An encounter with nature
An encounter with culture
Architectural canons and spatial distribution of missions continued outline of the Jesuits was repeated with variations in other missionary reductions as an expression of the relationship with God, nature, life and the socio-economic activities through the carved woodwork, ceramics, seeds, music, bakery, confectionery and food in general.
The Jesuit Mission expresses a political and religious organization, with modular structure including at Church complex, offices, workshops, quarters for the clergy and a large space environment, which focused church, cemetery, schools, shops, homes and in front of the office space is representative of the political power of the Spanish colony; villages left behind a rustic architecture with local materials of native chiquitanos.
In the construction of the church emphasizes the use of natural local materials such as wood, which was used in the carved columns. The carving of the images was a labor of natives with baroque-style integration is a representation of nature around religious representation. On each front door of the church is the inscription “House of God – Puerta del Cielo”.
The Churches, composed of three ships, they have a simple wooden roof slab supported by columns of carved wood “Cuchi” and pitchforks in the aisles, with a structural system almost independent wooden walls. The “Cuchi” is a type of wood has a high resistance. Other elements, such as gypsum, used in the decoration of flat, corrugated and false to resemble the baroque building with scrolls, friezes and plaster shells. The use of volcanic rock is featured in some enclaves.
San Javier was the first missionary settlement established by the Jesuits in the region chiquitana. With the construction of this modest temple, which was completed on December 31, 1691 Brother Antonio Rivas began the missionary work in the region of Chiquitos, for which was used as a Central base to this mission. From San Javier they would leave the following founding mission towns, where Jesuit missionaries had their residence until the expulsion of the Jesuits.
The present church of San Javier was designed and built by Father Martin Schmidt, of Austrian origin, who began the work in 1749 and ended four years later, in 1752.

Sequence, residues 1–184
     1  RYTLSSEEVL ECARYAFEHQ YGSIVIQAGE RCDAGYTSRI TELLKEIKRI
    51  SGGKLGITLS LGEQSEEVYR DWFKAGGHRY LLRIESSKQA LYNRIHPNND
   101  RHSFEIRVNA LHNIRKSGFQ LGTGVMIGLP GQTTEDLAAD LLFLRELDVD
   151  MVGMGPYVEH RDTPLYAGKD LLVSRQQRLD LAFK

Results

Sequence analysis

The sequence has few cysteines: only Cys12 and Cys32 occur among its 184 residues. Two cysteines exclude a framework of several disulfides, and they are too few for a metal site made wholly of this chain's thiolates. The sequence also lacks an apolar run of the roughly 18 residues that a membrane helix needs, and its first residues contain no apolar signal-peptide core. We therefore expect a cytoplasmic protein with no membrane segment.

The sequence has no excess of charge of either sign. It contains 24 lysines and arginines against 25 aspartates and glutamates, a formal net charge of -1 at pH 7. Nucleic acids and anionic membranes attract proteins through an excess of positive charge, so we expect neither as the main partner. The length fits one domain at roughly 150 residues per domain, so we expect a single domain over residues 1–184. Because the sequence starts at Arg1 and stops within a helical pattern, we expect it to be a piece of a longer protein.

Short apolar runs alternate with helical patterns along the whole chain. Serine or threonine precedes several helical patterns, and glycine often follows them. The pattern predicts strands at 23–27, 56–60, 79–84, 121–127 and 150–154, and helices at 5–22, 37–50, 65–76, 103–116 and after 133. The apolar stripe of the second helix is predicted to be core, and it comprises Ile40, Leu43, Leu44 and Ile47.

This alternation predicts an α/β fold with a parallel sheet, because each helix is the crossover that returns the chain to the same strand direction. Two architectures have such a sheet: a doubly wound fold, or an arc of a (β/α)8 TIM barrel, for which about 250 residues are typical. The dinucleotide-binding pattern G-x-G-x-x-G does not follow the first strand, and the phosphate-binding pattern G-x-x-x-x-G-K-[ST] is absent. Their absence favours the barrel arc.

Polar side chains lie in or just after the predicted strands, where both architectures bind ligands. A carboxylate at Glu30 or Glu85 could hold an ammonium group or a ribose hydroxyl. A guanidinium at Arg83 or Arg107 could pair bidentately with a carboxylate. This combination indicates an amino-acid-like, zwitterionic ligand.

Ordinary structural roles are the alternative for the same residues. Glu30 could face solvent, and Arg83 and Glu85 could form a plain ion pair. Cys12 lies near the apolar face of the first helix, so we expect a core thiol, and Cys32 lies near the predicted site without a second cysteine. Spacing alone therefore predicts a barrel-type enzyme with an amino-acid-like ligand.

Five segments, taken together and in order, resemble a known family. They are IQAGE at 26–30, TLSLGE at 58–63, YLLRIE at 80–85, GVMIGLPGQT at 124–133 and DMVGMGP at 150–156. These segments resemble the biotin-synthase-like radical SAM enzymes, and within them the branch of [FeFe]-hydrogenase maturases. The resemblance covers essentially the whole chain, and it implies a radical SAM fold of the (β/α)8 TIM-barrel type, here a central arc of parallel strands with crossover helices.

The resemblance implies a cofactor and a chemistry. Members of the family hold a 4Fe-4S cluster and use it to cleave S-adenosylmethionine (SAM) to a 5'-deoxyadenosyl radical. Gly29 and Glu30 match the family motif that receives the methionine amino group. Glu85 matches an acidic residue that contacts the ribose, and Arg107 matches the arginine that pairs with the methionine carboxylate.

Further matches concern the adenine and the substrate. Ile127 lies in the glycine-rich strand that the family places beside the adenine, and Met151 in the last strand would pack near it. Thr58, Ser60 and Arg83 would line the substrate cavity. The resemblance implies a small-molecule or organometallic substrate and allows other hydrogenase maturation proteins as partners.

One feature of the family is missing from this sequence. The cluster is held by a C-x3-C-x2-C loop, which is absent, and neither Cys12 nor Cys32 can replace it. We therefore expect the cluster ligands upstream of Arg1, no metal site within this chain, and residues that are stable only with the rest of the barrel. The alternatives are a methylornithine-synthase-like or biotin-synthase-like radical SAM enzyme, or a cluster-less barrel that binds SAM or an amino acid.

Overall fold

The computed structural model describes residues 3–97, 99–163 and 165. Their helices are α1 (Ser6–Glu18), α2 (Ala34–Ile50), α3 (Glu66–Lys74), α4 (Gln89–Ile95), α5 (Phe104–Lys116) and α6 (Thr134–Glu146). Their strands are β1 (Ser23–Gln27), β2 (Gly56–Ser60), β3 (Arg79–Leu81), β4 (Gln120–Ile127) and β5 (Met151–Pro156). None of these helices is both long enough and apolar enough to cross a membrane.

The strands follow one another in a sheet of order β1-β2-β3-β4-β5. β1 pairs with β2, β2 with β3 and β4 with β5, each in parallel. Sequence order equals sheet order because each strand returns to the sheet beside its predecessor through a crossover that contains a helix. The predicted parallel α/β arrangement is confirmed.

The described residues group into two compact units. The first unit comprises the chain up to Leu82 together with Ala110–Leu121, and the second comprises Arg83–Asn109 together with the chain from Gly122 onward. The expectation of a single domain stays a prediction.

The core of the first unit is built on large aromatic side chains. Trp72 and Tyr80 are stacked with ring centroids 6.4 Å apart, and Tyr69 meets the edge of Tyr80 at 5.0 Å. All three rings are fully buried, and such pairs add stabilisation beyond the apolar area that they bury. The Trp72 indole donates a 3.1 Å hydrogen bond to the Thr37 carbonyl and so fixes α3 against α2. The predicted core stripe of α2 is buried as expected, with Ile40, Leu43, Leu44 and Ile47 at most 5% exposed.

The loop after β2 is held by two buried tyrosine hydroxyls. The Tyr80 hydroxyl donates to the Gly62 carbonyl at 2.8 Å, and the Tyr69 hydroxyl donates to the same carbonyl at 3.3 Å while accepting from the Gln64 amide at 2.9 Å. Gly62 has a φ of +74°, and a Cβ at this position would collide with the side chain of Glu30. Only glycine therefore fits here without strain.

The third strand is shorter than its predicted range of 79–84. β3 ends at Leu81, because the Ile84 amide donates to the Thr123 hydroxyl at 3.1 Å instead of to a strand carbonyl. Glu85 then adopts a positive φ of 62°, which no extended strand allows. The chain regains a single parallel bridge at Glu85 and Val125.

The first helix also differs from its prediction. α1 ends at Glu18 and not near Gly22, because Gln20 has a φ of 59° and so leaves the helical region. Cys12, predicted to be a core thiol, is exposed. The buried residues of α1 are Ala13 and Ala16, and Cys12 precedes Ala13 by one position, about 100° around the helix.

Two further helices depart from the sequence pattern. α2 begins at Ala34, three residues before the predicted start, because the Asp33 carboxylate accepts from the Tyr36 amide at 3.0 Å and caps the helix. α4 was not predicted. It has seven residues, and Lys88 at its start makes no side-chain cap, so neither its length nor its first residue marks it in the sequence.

The temple of San Javier is part of a complete architectural ensemble, consisting of a chapel and school area. In the front stand the impressive wooden columns carved in the style locally called “string”. The walls are beautifully decorated with drawings of ocher tones, which stand in yellow and brown colors made from these lands and other natural substances.
The care of the church of San Javier passed to the Diocesan Clergy of Santa Cruz in 1767, who were in charge for 163 years, then move to the care of the Franciscan Mission of Chiquitos in 1930.
The restoration of the temple of San Javier begun in 1987 on the initiative of Monsignor Antonio Eduardo Bösl, under the direction of architect Hans Roth and Brother Joseph Herzog, as a builder, counting this work with specialists in carpentry, carving and restoration workshop Conception of the Vicariate of workers and the town of San Javier.
The restoration work was completed five years later, in 1991. On 3 December 1991 that the temple was re-drawing bless compliance with the three hundred years of missionary work have started in the land of little ones. The church was restored in its entirety, including the beautiful indoor and outdoor decoration and mural painting.
The foundation of Concepcion was between the years 1708-1709, the Spanish Jesuit priest Father Lucas Caballero who considered him as the martyr of Chiquitos.
In the village of Concepcion tribes settled, which is devoted to agriculture, livestock, workshops and built their homes in their own way and according to their customs.
Mission Concepcion was considered as a community where two managers who were Jesuits existed: one was in charge of religion and music and the other was in charge of the organization of work.
The municipality of Concepcion is the first municipal section of the province Ñuflo Chavez. It is located in the northwest of the department of Santa Cruz to 290 Km. of the city and 60 Km. from San Javier, becomes part of what today is called La Gran Chiquitania.
Mission Concepcion has one of the most attractive churches in the region. This architectural gem was built by Jesuit missionaries between 1752 and 1753 and completely restored in 1982. One of its main features is the work done in “gold leaf”, besides the Baroque style. Inside you can appreciate the extraordinary carved wood made by artisans of the community.